The North Shore is back into planting cedar trees. There were these trees before but the damming of the Mississippi River Gulf Outlet in 2009 allowed salt water to intrude, killing off the cedar trees. The water is now fresh enough that planting cedar trees is feasible and was done recently.
Recently, 2,400 cypress tree saplings were planted across 12 acres of land off of Lake Road in a partnership between St. Tammany Parish government and landowner Arcosa Marine of Madisonville. The plot is bordered by some healthy cypress trees but is now taken over by grasses. “In here the salt would settle, and it degraded the marsh,” said John “Spaff” Goodnow, the parish government administration’s landscape and parkway manager.nola.com
I must admit the picture in the paper showed an easier planting than when I did it as I was in marsh water up to my mid-calves or higher and this looked like far firmer ground. These trees were planted through the Pontchartrain Conservancy and 2,400 2-year saplings were planted to help stop storm surge on the North Shore.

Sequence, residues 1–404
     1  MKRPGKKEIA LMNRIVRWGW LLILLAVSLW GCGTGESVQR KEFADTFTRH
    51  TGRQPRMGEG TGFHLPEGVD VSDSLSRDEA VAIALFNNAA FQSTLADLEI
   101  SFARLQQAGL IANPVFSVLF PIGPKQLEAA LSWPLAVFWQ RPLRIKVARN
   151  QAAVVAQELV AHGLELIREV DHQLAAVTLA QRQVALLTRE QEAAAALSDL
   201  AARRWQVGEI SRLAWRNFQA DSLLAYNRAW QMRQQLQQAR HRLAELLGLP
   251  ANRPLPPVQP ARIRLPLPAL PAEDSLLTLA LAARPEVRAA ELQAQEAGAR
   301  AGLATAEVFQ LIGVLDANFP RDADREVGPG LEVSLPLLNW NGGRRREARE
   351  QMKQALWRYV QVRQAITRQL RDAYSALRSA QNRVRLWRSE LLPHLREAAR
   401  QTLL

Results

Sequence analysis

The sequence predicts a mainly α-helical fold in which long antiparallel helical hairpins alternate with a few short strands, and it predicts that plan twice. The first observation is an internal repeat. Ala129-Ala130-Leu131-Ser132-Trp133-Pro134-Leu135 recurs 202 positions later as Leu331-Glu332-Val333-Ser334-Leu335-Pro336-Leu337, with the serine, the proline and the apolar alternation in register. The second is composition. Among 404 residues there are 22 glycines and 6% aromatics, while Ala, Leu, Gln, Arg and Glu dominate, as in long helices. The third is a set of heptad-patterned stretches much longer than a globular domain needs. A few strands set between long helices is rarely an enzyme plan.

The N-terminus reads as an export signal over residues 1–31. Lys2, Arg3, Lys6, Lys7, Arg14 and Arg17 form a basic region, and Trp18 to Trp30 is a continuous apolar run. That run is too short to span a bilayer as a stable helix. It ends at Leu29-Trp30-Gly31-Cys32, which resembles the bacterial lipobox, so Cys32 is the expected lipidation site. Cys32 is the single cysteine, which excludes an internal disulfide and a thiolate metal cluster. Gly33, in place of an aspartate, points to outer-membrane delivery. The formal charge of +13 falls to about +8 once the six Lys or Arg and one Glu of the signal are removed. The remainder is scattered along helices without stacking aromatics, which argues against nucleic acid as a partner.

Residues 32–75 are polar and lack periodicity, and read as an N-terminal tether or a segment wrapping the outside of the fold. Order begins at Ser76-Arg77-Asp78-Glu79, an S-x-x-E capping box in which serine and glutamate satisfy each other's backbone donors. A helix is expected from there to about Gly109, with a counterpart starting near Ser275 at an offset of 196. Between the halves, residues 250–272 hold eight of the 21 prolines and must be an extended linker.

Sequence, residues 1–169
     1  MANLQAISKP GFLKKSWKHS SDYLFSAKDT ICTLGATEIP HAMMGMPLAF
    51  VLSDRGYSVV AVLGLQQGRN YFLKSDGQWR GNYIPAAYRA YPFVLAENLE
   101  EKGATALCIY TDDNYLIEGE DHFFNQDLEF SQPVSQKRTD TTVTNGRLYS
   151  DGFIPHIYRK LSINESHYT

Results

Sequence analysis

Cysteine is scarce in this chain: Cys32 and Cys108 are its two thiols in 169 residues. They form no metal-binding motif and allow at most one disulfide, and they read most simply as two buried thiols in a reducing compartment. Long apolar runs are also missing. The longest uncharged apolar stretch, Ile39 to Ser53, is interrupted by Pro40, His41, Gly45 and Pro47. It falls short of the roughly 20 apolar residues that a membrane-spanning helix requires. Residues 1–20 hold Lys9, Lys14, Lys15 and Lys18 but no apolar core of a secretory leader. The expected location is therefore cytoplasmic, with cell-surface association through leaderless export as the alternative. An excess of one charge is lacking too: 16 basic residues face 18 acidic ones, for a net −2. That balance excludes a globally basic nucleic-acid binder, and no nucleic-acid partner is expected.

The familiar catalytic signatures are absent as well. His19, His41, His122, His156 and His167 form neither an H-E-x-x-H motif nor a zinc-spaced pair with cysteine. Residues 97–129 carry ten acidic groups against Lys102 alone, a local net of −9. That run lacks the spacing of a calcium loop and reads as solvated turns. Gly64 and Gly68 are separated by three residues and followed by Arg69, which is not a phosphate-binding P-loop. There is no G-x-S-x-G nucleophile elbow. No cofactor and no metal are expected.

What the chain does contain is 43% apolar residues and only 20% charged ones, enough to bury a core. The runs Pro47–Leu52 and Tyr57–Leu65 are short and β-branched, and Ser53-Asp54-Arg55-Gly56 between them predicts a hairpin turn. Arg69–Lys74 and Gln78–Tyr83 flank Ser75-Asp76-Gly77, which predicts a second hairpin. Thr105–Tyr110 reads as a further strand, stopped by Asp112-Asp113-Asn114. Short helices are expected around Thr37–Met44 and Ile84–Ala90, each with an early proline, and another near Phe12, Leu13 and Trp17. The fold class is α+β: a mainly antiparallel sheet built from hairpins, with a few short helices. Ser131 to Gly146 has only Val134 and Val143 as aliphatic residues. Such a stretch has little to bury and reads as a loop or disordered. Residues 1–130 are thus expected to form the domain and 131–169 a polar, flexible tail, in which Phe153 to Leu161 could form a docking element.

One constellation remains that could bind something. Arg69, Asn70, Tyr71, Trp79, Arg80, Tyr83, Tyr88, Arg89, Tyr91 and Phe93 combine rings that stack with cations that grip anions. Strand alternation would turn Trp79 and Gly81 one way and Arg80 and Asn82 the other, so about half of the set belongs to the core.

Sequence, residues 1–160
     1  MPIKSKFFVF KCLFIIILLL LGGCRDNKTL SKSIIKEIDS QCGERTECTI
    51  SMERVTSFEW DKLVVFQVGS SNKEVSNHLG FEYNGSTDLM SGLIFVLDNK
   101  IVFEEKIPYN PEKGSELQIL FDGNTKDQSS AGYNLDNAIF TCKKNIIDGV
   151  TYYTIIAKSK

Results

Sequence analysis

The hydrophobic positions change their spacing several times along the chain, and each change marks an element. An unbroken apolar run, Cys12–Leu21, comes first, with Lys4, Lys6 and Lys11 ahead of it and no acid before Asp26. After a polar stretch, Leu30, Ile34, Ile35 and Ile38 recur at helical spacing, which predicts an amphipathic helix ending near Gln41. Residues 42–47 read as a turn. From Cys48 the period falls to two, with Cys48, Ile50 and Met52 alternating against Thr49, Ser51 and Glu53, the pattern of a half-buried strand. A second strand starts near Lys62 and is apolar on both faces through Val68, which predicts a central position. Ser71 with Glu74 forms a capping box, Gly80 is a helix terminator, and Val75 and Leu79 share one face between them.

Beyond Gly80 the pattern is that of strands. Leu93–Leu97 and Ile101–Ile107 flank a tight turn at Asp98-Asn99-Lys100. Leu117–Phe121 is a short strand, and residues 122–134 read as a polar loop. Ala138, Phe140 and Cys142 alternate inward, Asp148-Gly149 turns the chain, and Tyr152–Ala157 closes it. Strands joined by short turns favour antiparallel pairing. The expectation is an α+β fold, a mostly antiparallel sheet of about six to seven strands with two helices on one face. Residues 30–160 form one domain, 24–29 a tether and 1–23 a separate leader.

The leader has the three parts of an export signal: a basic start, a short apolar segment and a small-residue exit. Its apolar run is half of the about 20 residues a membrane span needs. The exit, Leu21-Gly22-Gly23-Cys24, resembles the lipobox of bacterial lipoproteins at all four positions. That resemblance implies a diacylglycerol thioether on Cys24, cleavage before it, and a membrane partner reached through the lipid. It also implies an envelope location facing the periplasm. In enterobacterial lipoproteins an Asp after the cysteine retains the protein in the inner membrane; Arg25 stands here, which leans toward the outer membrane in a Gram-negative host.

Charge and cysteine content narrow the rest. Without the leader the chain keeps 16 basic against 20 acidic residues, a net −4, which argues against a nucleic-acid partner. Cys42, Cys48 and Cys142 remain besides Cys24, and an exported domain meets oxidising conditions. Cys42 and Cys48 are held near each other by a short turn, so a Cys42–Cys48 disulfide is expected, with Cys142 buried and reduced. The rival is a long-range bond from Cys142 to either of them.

“It won’t stop the surge, but it will help break up some of the intensity of the wave,” Goodnow said. This project built on a larger replanting effort by St. Tammany Parish to preserve its tree canopy, mitigate flooding and create wildlife habitat. Since 2013, the parish has planted almost 62,000 trees across 90 acres. “We recognize the benefits of such a planting: flood protection, resilience, a canopy of trees once they mature and a coastal wetland barrier,” said Parish President Mike Cooper. “It certainly is a priority.”
Nature needs a helping hand as the land has changed to where natural reseeding is not effective.
These saplings have a better chance at putting down roots and building resilience that will allow them to mature, said Shelby Barrett, a Pontchartrain Conservancy coastal scientist. “They face a lot of barriers to natural germination,” Barrett said. “For cypress trees specifically, their life cycle is very tied to the seasonality and the duration of that flooding.” If areas are flooded when seeds emerge from their protective pod, they’ll drown. If other shrubs and grasses are too tall around their resting place, the seeds will lose the competition for light. And then there’s the wildlife that enjoy snacking on the youngest of trees. “So by planting trees that are approximately two years old, they’ve already surpassed some of those barriers,” Barrett said. “They’re mature enough to deal with those stressors in a way that the young ones aren’t.”
Members of the Conservancy are monitoring 350 of the trees to see if they are taking root and surviving. You can volunteer with the Pontchartrain Conservancy.